Local government in Trinidad has its origins in a very ancient institution. The Illustrious Cabildo, a municipal council created in Spain by the Crown after the expulsion of the Moors, was founded in the island of Trinidad at San José de Oruna (St. Joseph) in the year 1592.
Acting on the orders of governor Don Antonio de Berrio, the master of the camp Don Domingo de Vera y Bargoen, with a company of 30 men, made the beginnings of a permanent settlement.
After landing at Mucurapo, where they raised the cross and unfurled the flag of Spain they proceeded to declare the island the property of His Most Catholic Majesty. The Spaniards and their actions were probably ignored by the real ‘owners’ of the island, the Amerindians, as they went about their necessities. They proceeded up the Caroni until they came to an open savannah, and reaching higher land they obtained from the cacique Guanaguanare a site which they named San José de Oruna.
Here at St. Joseph in the latter part of May 1592 a site for a church, Nuestra Santa Fé de la Concepcion, was laid out and the first mass was celebrated most likely on the same spot where the present church is now.
Don Domingo then selected sites for the govenor’s ‘palace’, the Cabildo and the prison. These were all situated around the open space west of the church, a space which is now occupied by building erected since the capitulation to the British in 1797.
K.S. Wise writes in his ‘Historical Sketches’:
“All the Spaniards present then took part in the formal election of the members of the Cabildo, and the Illustrious body was duly constituted in Trinidad for the first time as follows:
Alcaldes Ordinario: Alvaro Jorge, Diego Diaz de Acevedo
Alguacil Mayor: José Nuñez Brito
Procurador General: Antonio Pinto Leal
Regidores: Juan Marquez, Felipe de Santiago, Juan Mexia de Prado, José Nuñez Brito, Alonso de Medina, Juan Gomes.”
Many of these names are still with us. Thus, more than 400 years ago, commenced the local government in Trinidad, which remained in place unchanged from the administration of the island by Sir Ralph Abercromby (1813 - 1829) to Lord Harris (1845 - 1854). The British administrative system was by then in conflict with the powers and privileges of the Illustrious Cabildo.
“The changing composition of the general population and the diminishing proportion of those to whom the methods of the Spanish administration were familiar, led in 1840 in Port-of-Spain and in 1845 in San Fernando to the introduction of measures of local government more in consonance with British practice.” (K.S. Wise)
For almost fifty years after the conquest by the British, Trinidad possessed a Spanish legal system through its governing body, and this on an island where 95% of the population were French and Patois-speaking!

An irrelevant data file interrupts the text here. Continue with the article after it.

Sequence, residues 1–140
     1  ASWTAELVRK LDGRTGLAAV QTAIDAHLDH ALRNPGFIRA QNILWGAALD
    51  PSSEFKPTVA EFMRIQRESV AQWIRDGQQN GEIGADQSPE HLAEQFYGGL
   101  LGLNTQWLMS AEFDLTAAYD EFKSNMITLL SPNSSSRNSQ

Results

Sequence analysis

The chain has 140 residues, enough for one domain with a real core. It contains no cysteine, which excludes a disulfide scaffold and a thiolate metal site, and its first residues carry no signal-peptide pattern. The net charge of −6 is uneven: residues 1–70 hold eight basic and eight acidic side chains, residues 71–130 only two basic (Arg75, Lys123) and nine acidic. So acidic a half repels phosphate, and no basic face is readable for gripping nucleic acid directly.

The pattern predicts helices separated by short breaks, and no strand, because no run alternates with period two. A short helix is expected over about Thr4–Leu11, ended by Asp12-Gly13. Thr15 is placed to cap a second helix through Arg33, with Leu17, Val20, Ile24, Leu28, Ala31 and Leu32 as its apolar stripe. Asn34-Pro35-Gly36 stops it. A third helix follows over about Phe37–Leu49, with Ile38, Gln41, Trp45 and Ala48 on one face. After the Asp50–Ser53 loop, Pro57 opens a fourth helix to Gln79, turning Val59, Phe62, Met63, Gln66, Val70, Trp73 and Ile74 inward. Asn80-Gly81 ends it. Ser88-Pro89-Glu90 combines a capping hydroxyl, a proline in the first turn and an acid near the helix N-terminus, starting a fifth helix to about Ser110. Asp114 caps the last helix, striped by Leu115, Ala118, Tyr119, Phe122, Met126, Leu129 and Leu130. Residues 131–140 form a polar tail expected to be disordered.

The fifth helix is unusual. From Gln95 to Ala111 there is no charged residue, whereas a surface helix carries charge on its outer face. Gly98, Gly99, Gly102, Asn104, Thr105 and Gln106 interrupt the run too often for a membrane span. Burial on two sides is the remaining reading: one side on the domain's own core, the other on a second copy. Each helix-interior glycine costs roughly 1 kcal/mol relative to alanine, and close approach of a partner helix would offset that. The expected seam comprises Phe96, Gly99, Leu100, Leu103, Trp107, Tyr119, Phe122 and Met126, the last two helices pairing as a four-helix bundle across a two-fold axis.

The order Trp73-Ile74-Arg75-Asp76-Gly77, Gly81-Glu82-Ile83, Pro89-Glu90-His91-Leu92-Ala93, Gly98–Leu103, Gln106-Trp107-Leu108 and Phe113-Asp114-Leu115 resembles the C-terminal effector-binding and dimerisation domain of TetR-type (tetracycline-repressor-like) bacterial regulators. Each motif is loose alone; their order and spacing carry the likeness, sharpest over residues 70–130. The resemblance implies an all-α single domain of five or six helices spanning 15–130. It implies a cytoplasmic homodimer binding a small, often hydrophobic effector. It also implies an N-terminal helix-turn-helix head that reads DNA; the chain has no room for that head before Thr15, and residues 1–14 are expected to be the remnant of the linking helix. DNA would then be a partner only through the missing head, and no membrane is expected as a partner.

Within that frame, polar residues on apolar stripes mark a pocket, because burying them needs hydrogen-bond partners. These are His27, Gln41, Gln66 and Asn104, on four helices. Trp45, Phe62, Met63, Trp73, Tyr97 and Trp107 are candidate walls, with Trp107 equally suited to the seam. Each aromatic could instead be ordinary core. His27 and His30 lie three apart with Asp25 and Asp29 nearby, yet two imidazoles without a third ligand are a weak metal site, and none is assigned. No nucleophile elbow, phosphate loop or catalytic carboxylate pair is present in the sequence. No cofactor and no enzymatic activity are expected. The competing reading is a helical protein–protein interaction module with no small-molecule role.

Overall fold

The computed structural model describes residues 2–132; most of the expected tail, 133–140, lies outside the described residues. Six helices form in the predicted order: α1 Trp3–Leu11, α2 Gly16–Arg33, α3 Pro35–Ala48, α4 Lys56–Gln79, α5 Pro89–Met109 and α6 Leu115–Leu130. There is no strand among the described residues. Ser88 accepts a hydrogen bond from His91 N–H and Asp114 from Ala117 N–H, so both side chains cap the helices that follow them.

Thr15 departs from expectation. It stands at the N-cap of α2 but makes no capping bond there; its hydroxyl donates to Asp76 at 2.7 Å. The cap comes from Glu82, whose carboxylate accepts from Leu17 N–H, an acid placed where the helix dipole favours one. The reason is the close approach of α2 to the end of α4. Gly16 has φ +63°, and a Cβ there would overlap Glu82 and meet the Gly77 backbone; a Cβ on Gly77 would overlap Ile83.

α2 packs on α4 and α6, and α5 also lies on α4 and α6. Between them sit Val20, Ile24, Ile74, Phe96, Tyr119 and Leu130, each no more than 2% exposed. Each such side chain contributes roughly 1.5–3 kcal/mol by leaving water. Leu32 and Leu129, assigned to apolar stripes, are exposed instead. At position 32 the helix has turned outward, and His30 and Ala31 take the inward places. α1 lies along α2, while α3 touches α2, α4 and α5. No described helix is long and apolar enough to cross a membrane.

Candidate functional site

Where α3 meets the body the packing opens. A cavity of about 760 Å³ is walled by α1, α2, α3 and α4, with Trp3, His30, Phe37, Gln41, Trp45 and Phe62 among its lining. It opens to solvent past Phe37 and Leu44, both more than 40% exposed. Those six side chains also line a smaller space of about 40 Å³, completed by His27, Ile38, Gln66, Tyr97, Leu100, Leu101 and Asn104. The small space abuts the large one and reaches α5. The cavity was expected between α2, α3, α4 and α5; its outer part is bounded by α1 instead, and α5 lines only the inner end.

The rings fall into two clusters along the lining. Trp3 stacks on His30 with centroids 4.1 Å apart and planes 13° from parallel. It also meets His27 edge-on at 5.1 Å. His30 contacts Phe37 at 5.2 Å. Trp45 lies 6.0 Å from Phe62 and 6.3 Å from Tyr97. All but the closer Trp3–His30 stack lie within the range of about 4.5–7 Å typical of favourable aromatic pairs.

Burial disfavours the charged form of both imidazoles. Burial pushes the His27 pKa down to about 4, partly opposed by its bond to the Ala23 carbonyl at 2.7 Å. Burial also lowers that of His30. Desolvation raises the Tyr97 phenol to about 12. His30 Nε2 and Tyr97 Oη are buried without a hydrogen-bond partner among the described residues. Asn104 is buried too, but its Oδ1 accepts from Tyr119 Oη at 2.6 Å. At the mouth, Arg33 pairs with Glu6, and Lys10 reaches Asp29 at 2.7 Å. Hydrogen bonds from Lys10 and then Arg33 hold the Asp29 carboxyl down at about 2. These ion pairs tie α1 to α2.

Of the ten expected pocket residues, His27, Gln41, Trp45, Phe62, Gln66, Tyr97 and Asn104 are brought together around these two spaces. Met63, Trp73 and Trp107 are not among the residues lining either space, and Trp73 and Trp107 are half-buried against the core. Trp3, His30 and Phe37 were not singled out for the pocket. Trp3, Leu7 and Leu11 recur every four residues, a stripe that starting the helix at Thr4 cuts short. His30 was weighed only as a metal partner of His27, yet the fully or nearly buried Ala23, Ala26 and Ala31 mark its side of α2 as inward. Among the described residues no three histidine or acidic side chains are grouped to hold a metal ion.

As John Nihell, the first Chief Justice of Trinidad, put it:
“The people retain certain rights which, though they are subordinate to those of the King and his tribunals, it is the duty of the Cabildo to support and represent.”
The Illustrious Cabildo had the right to address the King of Spain and, because of their oath of allegiance to Britain, to ‘the Monarch’ through the Governor. However, the Cabildo had to obey the orders of the Governor, even if his actions were against their will, until ‘the pleasure of His Majesty might be notified’.
The role of the local governance body was more administrative than legislative. The Cabildo could not make laws for the public, rather, it had an advisory role on municipal matters to the Governor.
In Spanish times, public funds were kept in an actual ‘treasure chest’ (hence the name ‘Treasury’ and the ‘coffers’ of the government!). Only three people had a key to this chest: the Alcalde of the First Election, the Escribano and the Depositor General.
The members had certain privileges. They wore a special uniform and insignia, were exempt from duties in the militia and could not be put in the ‘common gaol’, only in their own house or a Cabildo building. The Escribano had to take sworn declarations in their own house, since they could not be cited before a judge. The privileges even included preferential choice in the public markets!
On the other hand, the Cabildo had certain duties. Ironically, they had to swear in the Governor (who was to be their superior afterwards), and all other public servants. The health system was under their inspection, and approval had to be sought from the Cabildo by physicians, surgeons and apothecaries. Other health-related duties were to finance a physician for the poor and a schoolmaster for poor persons’ children. The Cabildo also administered funds to prevent epidemics, as well as to help out people in case of ‘public calamity’.